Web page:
“I could do it on my terms,” Ryan said. “This is the benefit Nancy does not now have, and I think it’s regretful. ... Our members knew I didn’t need it, didn’t necessarily want it but was happy to do it joyfully and happily and I’m really glad I did.”

Ryan said when he saw Pelosi recently he offered her congratulations and condolences.

Ryan is leaving office as Mitt Romney, who picked Ryan as his running mate in the 2012 presidential election, prepares to join the Senate representing Utah. Ryan said he looks to Romney to be the “standard bearer of our principles.”

Republican Bryan Steil, a corporate attorney and former Ryan aide, won election in November to succeed him in Wisconsin.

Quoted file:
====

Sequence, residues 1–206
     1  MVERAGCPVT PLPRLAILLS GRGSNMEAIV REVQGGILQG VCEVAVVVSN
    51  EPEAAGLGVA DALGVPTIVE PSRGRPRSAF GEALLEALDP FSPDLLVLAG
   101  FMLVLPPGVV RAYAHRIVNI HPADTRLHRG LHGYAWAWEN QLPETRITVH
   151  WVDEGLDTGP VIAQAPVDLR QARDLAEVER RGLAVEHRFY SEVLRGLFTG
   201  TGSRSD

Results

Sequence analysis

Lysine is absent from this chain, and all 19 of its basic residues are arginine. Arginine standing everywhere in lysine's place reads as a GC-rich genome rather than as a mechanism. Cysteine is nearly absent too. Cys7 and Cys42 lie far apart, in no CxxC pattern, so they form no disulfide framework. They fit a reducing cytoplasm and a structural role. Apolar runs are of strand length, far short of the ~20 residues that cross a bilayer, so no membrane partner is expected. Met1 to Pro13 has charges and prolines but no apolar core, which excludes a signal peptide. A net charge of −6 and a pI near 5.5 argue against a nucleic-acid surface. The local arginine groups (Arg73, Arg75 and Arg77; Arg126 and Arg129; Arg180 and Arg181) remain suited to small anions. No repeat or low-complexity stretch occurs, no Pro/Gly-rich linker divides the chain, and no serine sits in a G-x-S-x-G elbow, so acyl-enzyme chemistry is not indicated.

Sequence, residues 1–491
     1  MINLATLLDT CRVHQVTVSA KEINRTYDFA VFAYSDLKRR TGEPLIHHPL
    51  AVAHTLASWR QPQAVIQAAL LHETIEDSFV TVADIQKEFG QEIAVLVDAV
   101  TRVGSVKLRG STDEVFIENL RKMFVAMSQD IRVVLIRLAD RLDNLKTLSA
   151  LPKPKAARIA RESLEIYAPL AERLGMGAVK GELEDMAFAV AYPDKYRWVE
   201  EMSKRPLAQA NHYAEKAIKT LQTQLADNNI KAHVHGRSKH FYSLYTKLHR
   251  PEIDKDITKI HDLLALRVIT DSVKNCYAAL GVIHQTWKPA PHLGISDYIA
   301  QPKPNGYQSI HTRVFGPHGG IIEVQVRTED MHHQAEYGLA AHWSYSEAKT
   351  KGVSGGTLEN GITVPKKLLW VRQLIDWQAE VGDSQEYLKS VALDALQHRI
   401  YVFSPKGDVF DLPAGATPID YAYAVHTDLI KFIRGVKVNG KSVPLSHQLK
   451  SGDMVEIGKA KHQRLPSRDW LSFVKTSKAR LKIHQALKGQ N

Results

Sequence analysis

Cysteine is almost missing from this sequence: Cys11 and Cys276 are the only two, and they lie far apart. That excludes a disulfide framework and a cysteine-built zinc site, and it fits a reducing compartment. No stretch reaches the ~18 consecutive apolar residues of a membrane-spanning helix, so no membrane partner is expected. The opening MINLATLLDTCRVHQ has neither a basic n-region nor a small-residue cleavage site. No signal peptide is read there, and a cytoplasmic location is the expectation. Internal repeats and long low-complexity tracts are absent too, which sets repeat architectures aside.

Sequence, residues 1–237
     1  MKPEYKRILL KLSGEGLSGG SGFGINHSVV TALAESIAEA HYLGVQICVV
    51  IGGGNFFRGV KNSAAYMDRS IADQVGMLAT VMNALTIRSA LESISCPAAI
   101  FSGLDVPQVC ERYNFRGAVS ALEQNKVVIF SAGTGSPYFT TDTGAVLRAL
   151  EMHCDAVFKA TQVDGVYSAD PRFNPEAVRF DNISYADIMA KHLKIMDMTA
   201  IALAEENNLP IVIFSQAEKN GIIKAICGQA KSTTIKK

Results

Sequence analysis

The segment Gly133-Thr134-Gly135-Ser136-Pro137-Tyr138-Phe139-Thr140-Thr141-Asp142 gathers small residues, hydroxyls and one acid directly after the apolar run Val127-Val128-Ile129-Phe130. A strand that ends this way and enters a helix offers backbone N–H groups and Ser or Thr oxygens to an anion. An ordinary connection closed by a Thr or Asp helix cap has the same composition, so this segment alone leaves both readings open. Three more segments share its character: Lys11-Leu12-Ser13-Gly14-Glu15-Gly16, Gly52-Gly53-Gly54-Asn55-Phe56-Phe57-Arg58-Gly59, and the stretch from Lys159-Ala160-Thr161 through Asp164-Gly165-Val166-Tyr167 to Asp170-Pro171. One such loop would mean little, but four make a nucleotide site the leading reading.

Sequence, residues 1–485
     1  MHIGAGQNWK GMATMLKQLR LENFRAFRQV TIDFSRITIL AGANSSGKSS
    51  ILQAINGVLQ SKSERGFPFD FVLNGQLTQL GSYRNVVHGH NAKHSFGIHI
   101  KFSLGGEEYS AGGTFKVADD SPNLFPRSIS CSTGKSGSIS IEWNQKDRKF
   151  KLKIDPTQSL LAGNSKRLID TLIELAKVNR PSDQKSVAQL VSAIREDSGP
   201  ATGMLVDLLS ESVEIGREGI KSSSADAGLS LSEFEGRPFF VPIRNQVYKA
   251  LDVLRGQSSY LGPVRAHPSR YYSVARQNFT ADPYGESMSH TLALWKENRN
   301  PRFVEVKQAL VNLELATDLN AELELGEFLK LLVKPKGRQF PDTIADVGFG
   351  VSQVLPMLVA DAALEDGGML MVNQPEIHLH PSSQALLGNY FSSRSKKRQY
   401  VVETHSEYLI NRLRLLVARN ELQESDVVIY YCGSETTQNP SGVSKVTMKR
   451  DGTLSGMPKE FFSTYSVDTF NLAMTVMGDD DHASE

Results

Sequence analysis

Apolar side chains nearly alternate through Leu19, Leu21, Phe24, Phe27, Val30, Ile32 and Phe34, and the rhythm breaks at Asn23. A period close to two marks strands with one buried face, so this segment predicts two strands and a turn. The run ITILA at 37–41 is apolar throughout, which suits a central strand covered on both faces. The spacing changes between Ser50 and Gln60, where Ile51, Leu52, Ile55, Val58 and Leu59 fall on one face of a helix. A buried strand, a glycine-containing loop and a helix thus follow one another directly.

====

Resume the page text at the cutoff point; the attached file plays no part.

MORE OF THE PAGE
Ryan, 48, did not say what he plans to do after leaving Congress, other than to take his wife on a beach vacation. When asked if he would ever be interested in serving as ambassador to Ireland, Ryan, who has Irish ancestry, said: “That’s the only other government job I would aspire to, in my 60s, to be ambassador of Ireland.”


Speaker of the House Paul Ryan, R-Wis., speaks after Secretary of Defense Jim Mattis awarded him with the Department of Defense Medal for Distinguished Public Service on Wednesday at the Pentagon in Washington.


Rescue boats float on a flooded street last year as people are evacuated from rising floodwaters brought on by Tropical Storm Harvey in Houston. Scientists say climate change is faster, more extensive and worse than they thought a quarter century ago. They've concluded climate change has caused more rain in hurricanes Harvey, Maria, Katrina and others.